Blogishness, Quote

Thought for the Day – Mary Louise Roberts (sex & war)

“During their time in France, the GIs bought an extraordinary amount of sex. Prostitution became a widespread phenomenon during the years 1944-45 because sex was the one good not available at the local military store.” – Mary Louise Roberts 

This quote is from Mary Louise Roberts’ book, What Soldier’s Do: Sex and the American GI in World War II France. The book is about, well… exactly what you’d expect from the subtitle. It’s about all the sexing that GI’s were doing after liberating France from the Germans. And oh man, was there a LOT of sex!

What I loved about this book is that it takes on an interesting/controversial topic. Many people, who’ve never served their country and/or fought in a war, have a type of mythos surrounding war and the military. As though soldiers stop being people when fighting and merely become “soldiers.” But the truth is that a soldier is still just a person, and guess what, people like sex.

[pullquote]”Comprised of the contact of flesh and the exchange of bodily fluids, the sexual encounter between soldier and prostitute could not have been more intimate. At the same time, however, such intimacy became deeply politicized as it crossed national borders.”[/pullquote]Anyone who’s served in the military, or who enjoys history, knows the stories… it happened in WWII, Korea, Vietnam, and even Iraq. I had one friend tell me that “If you’re ever in Baghdad … just go to the drycleaners on base and tell them you lost a red sweater, then a few minutes later they’ll send a girl to your room.”

Now, with me sharing that red-sweater story, and Roberts’ sharing her stories, a lot of people will become upset that these stories, no matter how truthful, shouldn’t be told because of the light in which they present soldiers. That’s a bunch of bullarky. No soldier fights and risks his life just to have history whitewashed. Interesting stories should be told, no matter how they make someone/something look. And a story about the liberation of France, told from the POV of prostitutes, is definitely an interesting story that needs to be told.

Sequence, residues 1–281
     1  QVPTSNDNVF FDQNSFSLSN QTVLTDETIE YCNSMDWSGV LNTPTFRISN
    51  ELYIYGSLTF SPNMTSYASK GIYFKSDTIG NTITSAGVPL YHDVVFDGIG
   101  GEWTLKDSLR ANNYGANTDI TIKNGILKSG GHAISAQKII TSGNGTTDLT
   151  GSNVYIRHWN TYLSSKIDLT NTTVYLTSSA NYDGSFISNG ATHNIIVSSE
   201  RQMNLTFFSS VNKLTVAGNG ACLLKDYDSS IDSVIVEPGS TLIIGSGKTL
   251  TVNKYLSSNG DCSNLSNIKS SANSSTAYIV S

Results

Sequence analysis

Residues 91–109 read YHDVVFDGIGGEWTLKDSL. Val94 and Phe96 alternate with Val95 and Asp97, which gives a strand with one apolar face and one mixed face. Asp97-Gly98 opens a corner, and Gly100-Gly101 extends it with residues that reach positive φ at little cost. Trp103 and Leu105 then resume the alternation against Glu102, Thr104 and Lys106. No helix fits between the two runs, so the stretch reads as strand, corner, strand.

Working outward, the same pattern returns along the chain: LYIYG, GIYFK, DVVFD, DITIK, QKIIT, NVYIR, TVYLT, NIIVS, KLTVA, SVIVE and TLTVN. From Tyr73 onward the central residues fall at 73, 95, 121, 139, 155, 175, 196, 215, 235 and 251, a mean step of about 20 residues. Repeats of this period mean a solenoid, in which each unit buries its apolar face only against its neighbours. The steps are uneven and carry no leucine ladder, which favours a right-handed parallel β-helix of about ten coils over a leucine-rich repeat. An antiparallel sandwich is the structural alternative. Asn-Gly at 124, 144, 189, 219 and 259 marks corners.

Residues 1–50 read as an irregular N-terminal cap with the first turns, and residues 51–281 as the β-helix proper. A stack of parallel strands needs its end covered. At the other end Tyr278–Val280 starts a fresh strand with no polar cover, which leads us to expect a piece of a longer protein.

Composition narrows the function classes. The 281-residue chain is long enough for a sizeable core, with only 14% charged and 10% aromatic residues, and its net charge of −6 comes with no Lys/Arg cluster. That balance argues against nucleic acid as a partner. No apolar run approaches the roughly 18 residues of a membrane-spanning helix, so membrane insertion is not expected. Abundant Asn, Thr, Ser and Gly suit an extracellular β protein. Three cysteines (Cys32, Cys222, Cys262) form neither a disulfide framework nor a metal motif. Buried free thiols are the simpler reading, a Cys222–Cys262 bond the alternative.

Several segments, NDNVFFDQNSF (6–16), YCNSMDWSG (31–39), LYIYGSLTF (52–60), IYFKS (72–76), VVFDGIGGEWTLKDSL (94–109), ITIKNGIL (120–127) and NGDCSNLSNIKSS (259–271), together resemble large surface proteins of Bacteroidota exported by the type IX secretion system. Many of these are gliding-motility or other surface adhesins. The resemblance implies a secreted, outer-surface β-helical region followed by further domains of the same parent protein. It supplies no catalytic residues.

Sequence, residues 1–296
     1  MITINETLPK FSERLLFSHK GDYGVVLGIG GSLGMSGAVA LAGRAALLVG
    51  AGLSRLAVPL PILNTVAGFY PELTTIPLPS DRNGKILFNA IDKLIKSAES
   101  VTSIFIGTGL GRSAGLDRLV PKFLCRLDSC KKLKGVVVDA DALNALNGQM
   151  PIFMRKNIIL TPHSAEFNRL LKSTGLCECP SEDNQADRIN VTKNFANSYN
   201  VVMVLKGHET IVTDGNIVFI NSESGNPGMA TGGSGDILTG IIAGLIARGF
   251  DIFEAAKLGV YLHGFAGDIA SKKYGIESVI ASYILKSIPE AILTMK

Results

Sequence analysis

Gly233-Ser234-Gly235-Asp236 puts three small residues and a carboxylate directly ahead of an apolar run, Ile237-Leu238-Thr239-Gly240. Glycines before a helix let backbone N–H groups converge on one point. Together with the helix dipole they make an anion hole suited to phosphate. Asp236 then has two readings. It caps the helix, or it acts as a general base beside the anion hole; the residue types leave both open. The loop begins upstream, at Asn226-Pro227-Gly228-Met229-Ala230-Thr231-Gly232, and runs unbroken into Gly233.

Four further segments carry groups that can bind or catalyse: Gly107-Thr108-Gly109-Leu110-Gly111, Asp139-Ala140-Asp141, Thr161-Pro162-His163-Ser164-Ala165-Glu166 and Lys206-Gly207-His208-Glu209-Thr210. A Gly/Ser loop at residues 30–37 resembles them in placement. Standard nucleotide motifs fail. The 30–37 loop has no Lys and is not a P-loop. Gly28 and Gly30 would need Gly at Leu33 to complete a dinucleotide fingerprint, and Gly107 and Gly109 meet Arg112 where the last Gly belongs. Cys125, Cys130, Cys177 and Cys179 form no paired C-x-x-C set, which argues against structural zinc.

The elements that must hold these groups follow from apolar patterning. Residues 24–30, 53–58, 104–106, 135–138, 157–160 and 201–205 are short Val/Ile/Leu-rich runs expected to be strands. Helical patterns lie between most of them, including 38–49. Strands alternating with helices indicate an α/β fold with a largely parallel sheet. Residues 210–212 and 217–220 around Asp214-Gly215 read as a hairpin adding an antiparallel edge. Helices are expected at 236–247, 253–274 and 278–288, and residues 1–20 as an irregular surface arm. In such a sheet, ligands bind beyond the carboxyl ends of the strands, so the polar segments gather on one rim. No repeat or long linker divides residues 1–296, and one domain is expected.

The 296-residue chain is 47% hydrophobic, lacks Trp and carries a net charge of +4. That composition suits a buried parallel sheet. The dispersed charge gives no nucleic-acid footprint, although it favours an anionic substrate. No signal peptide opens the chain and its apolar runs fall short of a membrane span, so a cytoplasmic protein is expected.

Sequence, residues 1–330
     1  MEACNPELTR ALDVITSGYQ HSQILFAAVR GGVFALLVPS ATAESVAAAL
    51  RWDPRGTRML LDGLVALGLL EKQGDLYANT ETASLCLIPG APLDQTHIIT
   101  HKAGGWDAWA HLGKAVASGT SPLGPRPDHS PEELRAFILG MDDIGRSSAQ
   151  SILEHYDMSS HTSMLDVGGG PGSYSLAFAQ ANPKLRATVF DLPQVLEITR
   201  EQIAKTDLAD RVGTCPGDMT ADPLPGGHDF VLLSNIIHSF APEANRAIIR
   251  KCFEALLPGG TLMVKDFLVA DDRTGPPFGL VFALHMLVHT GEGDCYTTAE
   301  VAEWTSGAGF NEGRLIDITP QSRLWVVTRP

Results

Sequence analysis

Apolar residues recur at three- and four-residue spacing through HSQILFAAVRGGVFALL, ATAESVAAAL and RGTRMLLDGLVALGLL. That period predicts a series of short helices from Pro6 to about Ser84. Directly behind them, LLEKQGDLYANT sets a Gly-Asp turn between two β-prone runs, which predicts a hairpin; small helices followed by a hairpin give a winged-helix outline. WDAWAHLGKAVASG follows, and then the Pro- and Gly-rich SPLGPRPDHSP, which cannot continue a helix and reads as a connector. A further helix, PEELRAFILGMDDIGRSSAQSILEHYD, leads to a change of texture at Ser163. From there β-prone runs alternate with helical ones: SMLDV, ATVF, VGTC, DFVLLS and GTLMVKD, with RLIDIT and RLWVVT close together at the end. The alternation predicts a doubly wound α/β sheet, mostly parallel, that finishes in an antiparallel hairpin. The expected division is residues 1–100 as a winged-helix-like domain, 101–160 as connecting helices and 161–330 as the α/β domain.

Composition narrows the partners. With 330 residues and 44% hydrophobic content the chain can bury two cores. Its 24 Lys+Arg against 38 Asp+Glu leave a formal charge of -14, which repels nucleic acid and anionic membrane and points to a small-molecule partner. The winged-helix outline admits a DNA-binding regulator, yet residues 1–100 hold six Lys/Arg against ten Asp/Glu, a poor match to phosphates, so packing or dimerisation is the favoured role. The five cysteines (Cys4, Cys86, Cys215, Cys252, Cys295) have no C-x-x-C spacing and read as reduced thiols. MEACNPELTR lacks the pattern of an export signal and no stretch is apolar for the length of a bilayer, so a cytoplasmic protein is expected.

Here’s the beginning of Chapter 5: The Silver Foxhole, to give you an idea of what you’re in for:

“The liberation of Paris was a precarious time for prostitutes like Marie-Therese Cointre, who had plied her trade with the Germans. In August 1944, a neighbor invited her to go out to welcome Charles de Gaulle. “If you want to get a punch in the mouth, that’s fine, but I’m not going!” she replied. Cointre knew all too well that the French Resistance of FFI was publicly shaving the heads of women who had slept with Germans during the occupation. In the turbulence of the Liberation, the FFI sometimes failed to make the distinction between a professional prostitute and a French woman guilty of “horizontal collaboration.”

If you’re interested in history, sex, and prostitution, pick up a copy of the book (but be forewarned, the author does a bit of political proselyting–just keep that in mind.)


Thought For The Day

I’m not sure when/where I first came across this quote, or who to attribute it to, but it’s been one of those quotes that have stuck with me ever since I first heard it. I think it really speaks to the idea of living the type of life that makes us feel fulfilled when we die; the goal, I believe, is that when we die, there is no one to meet, in the sense of “the person you could have become,” because we already are the person we “could have” become.


Thought For The Day – P.G. Wodenhouse

I love this quote because I think it’s so true for most writers. Once we first picked up that pen and paper and realized this is who I am, it’s as though your life before was just a blur. Think of it as B.C. and A.D. “Before Christ,” was this part of history, and then after Christ is this other part of history. It’s true for most of us, whatever our profession. Before we became a writer/artist/entrepreneur/ life was this, but after, now it’s this.


Thought For The Day – Richard Jadick

Every veteran has at least one story that revolves solely around music. For me, it was seeing Toby Keith sing American Soldier while deployed to Iraq (for the concert he renamed the song to American Warrior since there were Marines and Airmen on the base and not just soldiers).  I don’t consider myself a fan of country music, but that was one of the best concerts I’ve ever been to in my life.

Toby Keith put on an amazing show and when he sang American Soldier, the experience of actually seeing American Soldiers singing along to the song, while at war, it was surreal. Something I’ll never forget.

I have nothing but the utmost respect for Toby Keith and all the other entertainers who trek overseas to perform for our troops. It’s an experience most of them will never forget.